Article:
Greeks going organic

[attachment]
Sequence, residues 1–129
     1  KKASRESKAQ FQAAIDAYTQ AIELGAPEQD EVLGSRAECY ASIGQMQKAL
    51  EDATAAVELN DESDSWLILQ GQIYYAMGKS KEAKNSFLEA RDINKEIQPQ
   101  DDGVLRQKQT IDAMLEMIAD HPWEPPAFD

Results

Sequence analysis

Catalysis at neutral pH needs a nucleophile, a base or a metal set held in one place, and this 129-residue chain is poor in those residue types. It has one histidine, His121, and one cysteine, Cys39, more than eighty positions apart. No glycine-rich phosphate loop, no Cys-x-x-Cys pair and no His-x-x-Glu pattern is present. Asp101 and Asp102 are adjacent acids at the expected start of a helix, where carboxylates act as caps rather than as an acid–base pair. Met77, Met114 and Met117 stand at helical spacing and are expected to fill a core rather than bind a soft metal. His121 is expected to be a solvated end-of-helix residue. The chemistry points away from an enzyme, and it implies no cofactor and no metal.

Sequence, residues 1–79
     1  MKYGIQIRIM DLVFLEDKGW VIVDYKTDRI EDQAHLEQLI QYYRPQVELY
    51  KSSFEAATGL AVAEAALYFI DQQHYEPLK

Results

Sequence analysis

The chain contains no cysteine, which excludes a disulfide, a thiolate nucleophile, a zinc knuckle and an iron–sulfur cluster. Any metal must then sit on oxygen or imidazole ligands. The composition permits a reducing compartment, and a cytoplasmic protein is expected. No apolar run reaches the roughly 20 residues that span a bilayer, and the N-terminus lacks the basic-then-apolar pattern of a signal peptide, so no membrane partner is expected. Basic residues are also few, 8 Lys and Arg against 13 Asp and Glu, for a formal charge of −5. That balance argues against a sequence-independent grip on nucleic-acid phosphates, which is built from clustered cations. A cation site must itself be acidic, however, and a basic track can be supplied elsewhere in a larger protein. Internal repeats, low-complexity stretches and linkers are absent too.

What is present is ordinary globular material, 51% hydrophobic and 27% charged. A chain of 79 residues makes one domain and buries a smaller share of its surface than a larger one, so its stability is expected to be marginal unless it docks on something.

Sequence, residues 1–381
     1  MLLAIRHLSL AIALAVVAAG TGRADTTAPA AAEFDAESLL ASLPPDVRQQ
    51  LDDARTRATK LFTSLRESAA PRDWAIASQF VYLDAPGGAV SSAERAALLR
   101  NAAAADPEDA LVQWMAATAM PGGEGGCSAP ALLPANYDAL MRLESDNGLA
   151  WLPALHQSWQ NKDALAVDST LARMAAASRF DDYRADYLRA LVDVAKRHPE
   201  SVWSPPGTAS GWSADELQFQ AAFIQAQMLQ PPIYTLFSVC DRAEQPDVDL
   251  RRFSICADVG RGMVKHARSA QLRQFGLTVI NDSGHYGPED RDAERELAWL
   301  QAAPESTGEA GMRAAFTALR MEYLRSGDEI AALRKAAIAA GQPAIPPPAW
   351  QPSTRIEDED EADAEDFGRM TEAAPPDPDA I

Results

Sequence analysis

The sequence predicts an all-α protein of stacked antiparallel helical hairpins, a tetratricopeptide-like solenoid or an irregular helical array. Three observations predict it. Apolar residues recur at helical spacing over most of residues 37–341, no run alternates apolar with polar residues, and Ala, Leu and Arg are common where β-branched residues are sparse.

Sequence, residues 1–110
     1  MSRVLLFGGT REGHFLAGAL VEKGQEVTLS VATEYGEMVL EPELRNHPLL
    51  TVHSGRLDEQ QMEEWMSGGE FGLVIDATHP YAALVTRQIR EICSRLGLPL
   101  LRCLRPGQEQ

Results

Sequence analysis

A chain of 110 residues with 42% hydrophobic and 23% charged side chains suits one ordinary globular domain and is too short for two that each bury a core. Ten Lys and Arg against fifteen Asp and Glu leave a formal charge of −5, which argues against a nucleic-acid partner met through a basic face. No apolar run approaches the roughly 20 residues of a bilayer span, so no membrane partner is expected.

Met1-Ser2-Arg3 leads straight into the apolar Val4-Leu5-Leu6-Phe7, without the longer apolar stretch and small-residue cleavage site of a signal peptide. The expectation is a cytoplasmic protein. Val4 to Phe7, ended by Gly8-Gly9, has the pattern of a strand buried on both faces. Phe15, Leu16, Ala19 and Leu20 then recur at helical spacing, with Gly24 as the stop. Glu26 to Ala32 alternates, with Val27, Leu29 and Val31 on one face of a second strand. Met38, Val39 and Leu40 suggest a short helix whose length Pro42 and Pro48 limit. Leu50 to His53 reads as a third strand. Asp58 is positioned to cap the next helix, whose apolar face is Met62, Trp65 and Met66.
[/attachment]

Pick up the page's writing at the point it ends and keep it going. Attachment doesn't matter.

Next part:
Tomatoes that don’t rot, rice with more nutritious elements, soya and corn that resist bugs; these are but a few of the many genetically modified foods lining Europe’s supermarket shelves in recent years. But consumers in countries like Greece are not impressed, according to Eurostat surveys on the issue. For example, a consumer survey conducted in Attica last year showed that Greeks prefer organic produce to anything that is scientifically enhanced. This attitude reflects Greece’s still-tangible connection to agriculture. Greeks know their farms are often small, family-owned operations that are known for cultivating natural products. So Greek consumers were most concerned about the way food items had been produced, according to the survey organized by Professor Christos Fotopoulos of Ioannina University’s food marketing and management department and Christina Pappa, a postgraduate student at Newcastle University. No GM Consumers immediately rejected products identified as genetically modified, even those under famous brands or shown to have health benefits. Instead, they preferred certifiably organic food to that produced conventionally. Quality alone was not enough to convince consumers of a product’s organic nature, Fotopoulos said. They wanted proof, like labels. Nor did Greek consumers believe that a quality guarantee for a GM food product ensured personal safety. However, they did agree that a guaranteed quality organic product was also a guarantee of safety, and, in combination with perceived quality, it made the product preferable to a conventionally grown food product since the supply of organic food does not meet the demand. «Unfortunately, the lack of a national strategy has meant that there is no encouragement for organic farming or the Mediterranean diet,» the researchers said. «So despite its advantages and the high demand, organic farming in Greece is restricted to 1 percent of the total area of cultivated land. «Meanwhile, the state’s uncertain approach to genetically modified products, even though neither consumers nor producers want them, has meant delays in labeling GM food products and the ‘accidental’ cultivation of genetically modified seed strains,» they said. «If this situation that is so important for the country’s farming sector continues, over time it will result in a selling out of the two main comparative advantages of our agricultural products – that is, their quality and their health value.» Survey data The respondents, aged 25-40, were selected based on their understanding of what GM products actually were. Nearly half held university degrees, and most were members of households that included a working woman.